"Hi, I'm Budd Bailey, and I'd like to tell you about my favorite router..."
This advertisement, by the way, has nothing to do with fans.
Last week my laptop computer started acting oddly. The wireless connection seemed to be fine, but no Internet pages were popping up on my browser. This was not good news considering I was sending a story via e-mail to my newspaper on deadline. I figured out a way to get the type into the office, and then started to try to solve the problem.
I plugged in my laptop to a DSL line. I used a virus scan and a computer cleaner. I took it to the local computer store and asked for helped. They couldn't find anything wrong with the way the machine was working, and suggested a router problem ... which since I had used two different ones in two cities wasn't the best piece of advice I had ever received.
My laptop was at least 3.5 years old at that point, and probably more. I bought it used, and pages were slow to come up as it was. Flush (note: this is a relative term) with a signing bonus from my union contract at work, I dove into the computer market.
On Saturday, I came home with a spiffy new laptop. They sure have gotten lighter in a few years. We also decided to enter the 21st century in at least one way (note: this is from someone who doesn't think DVR's are worth the money as long as my VCR's work) by getting a router for Wi-Fi.
So, I brought home a router with the laptop. I had two choices at Office Depot, and one was from D-Link. It also was the simplest, since I didn't need many bells and whistles.
Once I got the laptop up and running a bit, I opened the box for the D-Link router and started to install it. When the CD Wizard started the process, it told me that it had detected another router in the computer and asked if I wanted to replace it. This wasn't true; I've never had one. But, I clicked on the button that said I wanted to replace the old one. I made it to Step Five of the seven-step process. Then things broke down, and I was informed that I should start all over again. I did, a couple of times.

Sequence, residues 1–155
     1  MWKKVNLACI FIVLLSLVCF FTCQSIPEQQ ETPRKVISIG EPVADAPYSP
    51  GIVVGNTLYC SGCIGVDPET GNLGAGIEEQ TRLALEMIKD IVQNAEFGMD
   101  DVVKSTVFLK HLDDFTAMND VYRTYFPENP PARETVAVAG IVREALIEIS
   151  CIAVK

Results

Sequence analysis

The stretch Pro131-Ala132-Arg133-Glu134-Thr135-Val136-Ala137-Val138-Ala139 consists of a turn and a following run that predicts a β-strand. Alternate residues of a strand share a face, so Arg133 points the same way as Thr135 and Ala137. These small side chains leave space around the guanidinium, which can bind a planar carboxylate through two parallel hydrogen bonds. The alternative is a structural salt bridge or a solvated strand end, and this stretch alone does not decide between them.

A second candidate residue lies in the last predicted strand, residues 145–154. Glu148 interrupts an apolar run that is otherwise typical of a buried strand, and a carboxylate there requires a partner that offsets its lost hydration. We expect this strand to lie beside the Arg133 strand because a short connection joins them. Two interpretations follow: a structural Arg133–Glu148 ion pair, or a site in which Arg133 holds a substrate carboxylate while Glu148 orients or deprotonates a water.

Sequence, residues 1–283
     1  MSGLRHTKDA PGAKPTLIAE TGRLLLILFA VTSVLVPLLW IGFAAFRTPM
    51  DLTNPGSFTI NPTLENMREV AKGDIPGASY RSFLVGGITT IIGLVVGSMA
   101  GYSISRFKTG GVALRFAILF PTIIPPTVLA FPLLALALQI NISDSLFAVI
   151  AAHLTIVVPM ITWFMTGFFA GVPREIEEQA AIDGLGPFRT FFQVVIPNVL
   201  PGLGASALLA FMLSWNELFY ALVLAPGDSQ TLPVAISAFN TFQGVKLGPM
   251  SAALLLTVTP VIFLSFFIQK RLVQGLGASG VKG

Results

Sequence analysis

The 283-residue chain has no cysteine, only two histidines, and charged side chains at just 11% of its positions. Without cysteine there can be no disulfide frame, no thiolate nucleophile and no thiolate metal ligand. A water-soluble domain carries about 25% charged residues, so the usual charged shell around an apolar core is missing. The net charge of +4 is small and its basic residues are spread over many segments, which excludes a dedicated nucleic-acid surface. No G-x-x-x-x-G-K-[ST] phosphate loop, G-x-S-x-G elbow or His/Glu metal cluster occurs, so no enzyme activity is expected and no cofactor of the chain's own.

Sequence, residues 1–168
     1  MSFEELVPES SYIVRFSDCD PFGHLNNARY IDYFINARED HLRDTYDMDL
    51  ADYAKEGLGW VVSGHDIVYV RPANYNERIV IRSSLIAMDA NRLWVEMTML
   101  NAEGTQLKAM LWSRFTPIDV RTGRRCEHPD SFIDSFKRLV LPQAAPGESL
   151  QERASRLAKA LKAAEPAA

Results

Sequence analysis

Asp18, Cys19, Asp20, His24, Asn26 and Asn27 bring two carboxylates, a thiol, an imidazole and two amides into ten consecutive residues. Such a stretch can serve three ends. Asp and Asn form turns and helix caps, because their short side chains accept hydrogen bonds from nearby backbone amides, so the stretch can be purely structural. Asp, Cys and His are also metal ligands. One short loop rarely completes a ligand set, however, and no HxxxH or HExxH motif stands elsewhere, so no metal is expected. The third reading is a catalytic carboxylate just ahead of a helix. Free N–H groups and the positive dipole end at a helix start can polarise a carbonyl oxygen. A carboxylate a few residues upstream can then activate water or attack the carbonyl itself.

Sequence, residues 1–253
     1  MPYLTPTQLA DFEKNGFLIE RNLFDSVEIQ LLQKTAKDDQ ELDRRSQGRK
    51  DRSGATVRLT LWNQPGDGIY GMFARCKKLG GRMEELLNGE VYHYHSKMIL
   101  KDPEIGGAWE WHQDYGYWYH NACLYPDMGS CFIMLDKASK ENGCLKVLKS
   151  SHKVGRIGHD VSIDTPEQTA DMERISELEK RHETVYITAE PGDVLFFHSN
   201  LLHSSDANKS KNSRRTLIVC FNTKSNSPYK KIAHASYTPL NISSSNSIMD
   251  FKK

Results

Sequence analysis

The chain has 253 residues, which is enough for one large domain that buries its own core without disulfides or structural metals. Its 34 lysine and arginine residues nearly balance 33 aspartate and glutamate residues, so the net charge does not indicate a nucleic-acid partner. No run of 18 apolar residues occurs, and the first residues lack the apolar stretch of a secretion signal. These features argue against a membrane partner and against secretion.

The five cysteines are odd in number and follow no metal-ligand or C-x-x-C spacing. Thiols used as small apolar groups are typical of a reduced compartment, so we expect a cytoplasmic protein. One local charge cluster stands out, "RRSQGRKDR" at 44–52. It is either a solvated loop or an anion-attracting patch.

Eventually, I went to the small manual that came with the computer. The instructions for starting the router are pretty simple, plugging in some wires in and out of the modem, but the instruction book and the wizard actually seemed to disagree on what went where. I made executive decisions on what went where, and got it working. The additional steps for configuration, etc., were also complicated and got me lost quickly. I was close to being ready to throw it all out. But at least I had a network.
On Sunday, I suddenly got an error message saying that some sort of new hardware was causing problems and that I should get rid of it if I got the message again. Otherwise, the computer probably would blow up. I jest, but not by much.
On Monday, my wife got that error message. I was convinced; time to start over.
I took the unit back to Office Depot, exchanged the unit for a slightly more expensive Linksys model, and took it home. I started the CD, and the questions and updating of software followed in a logical, reasonable way. I was done with everything in about 15 minutes in a stress-free manner. Best ten dollars I've spent in a long, long time.
If you see me on television doing ads for Linksys, now you'll know why.